How to Use Omnichannel Marketing to Grow Your Business
As the ubiquity of digital technology continues to blur the lines of real and virtual experiences, consumer purchasing patterns are rapidly changing.
Studies show that today's consumers peruse more than 6 sources of information before making a decision, meaning that they are likely to bounce from different touch points in our marketing channels – perhaps starting with the outdoor ad before heading to the company website and then maybe visiting the brick-and-mortar store. Their active behaviour offers marketers immense opportunities to create rich, personalized experiences and seamless transitions between each touch point.
This is omnichannel marketing – defined as a seamless integration between the marketer’s myriad channels whilst tracking customers’ individual interaction. Here is an example of a DSP report showing the conversion path that gives us deeper insights into their behaviours.
Through omnichannel marketing and an effective sales funnel, the brand can better communicate with potential customers so to usher them to check out, no matter how they decide to interact with our business.
Take a look at these Hong Kong-based omnichannel marketing strategies throughout the six main sales funnel stages: Exposure, Discovery, Conversion, Consideration, Close and Relationship.
Sales Funnel Stage 1: Exposure
Before we start leading people down the sales funnel, we need to get their attention. Traditionally, desktop and mobile web and app were the only digital marketing inventory supply available. But as more ad channels integrate into programmatic ad platforms – such as pDOOH, CTV, Audio – omnichannel marketing is made increasingly easier.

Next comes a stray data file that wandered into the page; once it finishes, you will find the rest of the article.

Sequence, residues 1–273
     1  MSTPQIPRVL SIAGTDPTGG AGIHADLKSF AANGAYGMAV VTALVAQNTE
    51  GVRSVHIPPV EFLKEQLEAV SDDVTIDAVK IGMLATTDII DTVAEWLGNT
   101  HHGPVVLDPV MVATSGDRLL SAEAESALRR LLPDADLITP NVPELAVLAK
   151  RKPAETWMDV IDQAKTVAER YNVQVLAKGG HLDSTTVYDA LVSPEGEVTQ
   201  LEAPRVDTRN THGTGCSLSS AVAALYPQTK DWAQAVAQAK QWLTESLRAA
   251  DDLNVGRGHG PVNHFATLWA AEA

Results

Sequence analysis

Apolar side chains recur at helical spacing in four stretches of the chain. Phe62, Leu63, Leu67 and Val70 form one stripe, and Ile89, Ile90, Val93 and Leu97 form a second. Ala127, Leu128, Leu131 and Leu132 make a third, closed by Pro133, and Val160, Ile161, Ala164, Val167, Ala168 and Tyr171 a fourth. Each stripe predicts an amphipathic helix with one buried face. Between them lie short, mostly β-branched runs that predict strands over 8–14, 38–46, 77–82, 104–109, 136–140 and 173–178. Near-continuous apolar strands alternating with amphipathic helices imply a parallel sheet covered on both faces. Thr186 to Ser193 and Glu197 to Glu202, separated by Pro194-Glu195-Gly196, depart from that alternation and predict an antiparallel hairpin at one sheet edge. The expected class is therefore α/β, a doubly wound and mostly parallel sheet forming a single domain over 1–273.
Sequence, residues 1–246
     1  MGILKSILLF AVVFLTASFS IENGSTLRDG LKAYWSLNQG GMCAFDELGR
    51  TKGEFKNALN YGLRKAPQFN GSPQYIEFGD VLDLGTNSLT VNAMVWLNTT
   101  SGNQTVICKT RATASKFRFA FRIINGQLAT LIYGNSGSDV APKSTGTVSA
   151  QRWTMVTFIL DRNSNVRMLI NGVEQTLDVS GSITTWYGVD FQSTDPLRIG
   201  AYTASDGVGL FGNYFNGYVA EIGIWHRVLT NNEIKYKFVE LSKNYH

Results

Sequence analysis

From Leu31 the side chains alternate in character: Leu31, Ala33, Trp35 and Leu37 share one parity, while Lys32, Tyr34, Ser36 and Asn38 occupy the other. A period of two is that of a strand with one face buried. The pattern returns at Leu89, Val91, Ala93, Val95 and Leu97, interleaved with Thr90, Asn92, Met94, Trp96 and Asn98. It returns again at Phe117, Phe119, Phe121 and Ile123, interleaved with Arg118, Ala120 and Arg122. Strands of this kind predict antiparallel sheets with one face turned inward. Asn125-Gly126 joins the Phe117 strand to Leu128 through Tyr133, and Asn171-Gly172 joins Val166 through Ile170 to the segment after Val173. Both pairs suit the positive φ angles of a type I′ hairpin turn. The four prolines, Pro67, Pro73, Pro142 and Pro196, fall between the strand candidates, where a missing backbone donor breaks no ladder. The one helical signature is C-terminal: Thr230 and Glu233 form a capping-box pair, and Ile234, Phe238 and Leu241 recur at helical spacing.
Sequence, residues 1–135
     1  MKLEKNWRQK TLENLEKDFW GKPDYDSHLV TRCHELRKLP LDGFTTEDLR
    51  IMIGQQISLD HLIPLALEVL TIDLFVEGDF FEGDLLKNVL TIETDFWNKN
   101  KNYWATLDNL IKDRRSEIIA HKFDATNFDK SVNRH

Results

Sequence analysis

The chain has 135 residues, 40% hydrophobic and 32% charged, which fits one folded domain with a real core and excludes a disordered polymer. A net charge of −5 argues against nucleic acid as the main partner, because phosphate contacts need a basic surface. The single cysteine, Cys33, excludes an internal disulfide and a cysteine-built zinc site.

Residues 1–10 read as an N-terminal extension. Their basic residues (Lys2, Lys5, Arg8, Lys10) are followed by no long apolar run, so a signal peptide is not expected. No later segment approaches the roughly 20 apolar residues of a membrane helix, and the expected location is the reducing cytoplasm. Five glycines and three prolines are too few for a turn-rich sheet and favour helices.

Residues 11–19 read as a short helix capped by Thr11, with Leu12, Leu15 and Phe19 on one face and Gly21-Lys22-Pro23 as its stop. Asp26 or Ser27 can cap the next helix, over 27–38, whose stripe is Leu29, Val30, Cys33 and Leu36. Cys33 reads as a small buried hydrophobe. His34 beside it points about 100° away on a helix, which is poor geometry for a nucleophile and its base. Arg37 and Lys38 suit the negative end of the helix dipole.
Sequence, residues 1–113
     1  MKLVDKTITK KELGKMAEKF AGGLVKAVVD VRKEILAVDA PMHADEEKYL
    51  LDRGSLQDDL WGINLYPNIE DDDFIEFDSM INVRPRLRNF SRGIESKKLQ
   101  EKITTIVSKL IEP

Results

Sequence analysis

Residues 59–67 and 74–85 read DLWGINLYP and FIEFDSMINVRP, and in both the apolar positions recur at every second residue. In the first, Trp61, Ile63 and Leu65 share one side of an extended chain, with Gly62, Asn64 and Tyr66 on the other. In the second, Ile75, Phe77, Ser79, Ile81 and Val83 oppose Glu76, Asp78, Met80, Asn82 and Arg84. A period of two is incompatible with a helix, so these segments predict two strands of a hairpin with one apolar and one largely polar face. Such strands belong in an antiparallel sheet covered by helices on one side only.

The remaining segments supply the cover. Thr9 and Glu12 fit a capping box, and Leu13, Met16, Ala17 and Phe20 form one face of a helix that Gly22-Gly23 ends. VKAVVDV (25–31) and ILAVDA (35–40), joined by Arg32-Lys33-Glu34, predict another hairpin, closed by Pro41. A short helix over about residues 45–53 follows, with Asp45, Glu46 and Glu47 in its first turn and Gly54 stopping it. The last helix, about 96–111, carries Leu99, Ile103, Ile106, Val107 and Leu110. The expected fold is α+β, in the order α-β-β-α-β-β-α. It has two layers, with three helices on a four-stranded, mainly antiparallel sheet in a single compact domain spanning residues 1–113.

For instance, one of the largest virtual banks – Livibank – drove mass awareness via pDOOH ads in 13 bus shelters across Central, Admiralty, Wanchai and Causeway Bay.
Livibank then followed up with omnichannel DSP’s retargeting function via digital banner advertisements to recapture the audiences who were already exposed to the pDOOH ads. We'll illustrate more later on.
Sales Funnel Stage 2: Discovery
The next stage of the sales funnel converts awareness to genuine interest: discovery. At this time, a prospective client starts to show interest in the campaign. Further education here is necessary to nurture the brand’s relationship with the customer, build trust and to position itself as the ideal solution to meet their needs and desires.
Financial institution Hang Seng Bank has made clever use of Dynamic Display Ad set a perfect example. The campaign objective is to boost account opening, which is noticeably higher during IPO periods. As such, Hang Seng Bank used display ads and dynamic banners to highlight new IPOs in real time. Compared to generic banners, the dynamic ones saw a 21% increase in CTR.
Sales Funnel Stage 3: Conversion
Once potential customers understand their desires and are aware of the product offering, they must be converted into a “lead.”
In marketing, leads are people who have expressed interest in the brand’s products and/or services via means of providing their contact information or simply spending more time on the brand website or social media platforms.